Erica Tremblay’s Fancy Dance shows the darkside of reservation life for Indigenous people, especially women. As an official selection of the U.S. Dramatic Competition at the 2023 Sundance Film Festival, Fancy Dance it’s a unique viewing experience as the viewer is brought in to observe these characters and how they navigate a desperate situation. Written by Tremblay and Miciana Alisa, this drama/mystery shows how often people have to take matters into their own hands because the outside world doesn’t care enough to work with this community to find these missing women.
Fancy Dance is a procedural following Jax (Lily Gladstone), and her niece Roki (Isabel Deroy-Olson), who are looking for Tawi (Hauli Gray), who is Jax’s sister and Roki’s mother, who has gone missing. Jax is a former drug dealer, and often gets in trouble with the law. Now acting as her niece’s guardian, the two are troublemakers, stealing money and cars from folks, scamming people in card games, and doing anything to make ends meet.
The duo Is looking forward to the upcoming Pow wow but a wrench is thrown in that plan when Roki’s White grandfather Frank and his wife show up to take her away due to the unstable living conditions her and Jax are living in. This new arrangement doesn’t sit well with her, so she kidnaps Roki and the two go on the run, all while trying to find what happened to Tawi.
There is an epidemic of missing Indigenous women throughout the US and Canada. These missing persons cases are usually handled poorly due to racism, and sexism which means most of these women aren’t even looked for by the police outside of the reservation, forget about being found. In one scene, as Frank has already called the authorities to search for Roki, Jax, JJ (Ryan Begay), a cop on the reservation also looking for the young girl, asks the FBI when they plan to resume investigating Tawi’s disappearance. They make it clear that the needs of White people are prioritized in their hierarchy of care.
This family trying to stick together and keep what little legacy they have left. Tremblay paints a picture of what life is like on a reservation: people in poverty, a fractured justice system, broken homes, and drugs and alcohol abuse. Life is so bleak in some of these locations that tradition is all some of these some have to keep them connected to their culture, and the reason why Jax and Roki are so desperate to get to the Pow wow. Cinematographer Carolina Costa gives the look a film noir sensibility, as characters navigate through the shadows and dark alleyways on and off the reservation.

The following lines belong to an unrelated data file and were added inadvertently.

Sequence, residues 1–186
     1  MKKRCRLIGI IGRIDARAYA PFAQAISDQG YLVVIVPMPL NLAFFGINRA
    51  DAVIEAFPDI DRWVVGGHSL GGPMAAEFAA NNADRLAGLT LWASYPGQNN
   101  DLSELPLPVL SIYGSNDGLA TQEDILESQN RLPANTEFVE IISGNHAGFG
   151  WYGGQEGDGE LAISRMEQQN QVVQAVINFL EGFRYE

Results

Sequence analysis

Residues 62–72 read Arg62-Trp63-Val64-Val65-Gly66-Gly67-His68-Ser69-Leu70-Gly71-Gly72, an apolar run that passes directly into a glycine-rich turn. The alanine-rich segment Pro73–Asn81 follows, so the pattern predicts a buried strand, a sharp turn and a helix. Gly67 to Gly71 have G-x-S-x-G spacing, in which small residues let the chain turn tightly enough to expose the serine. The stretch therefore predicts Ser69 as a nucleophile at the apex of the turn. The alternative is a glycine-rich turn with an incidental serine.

Gladstone and Deroy-Olson do the heavy lifting here. The film chronicles their journey which is a coming-of-age story for both characters who are learning to build a stronger connection with their culture. Deroy-Olson specifically represents a generation of young people who understand the gravity of their situation, but are still hopeful about the future to come.
Despite being separated by circumstances, Jax and Roki eventually come together at the end, they dance in remembrance, but not remembrance of one person. They dance for spiritual connection, for unity, for culture, for family, and to stay strong in the face of tragedy. In a world where you’re constantly reminded that you don’t matter, and many pretend you don’t exist, a Pow-wow is a place where one can be seen and heard among people who understand you. That is the Fancy Dance.
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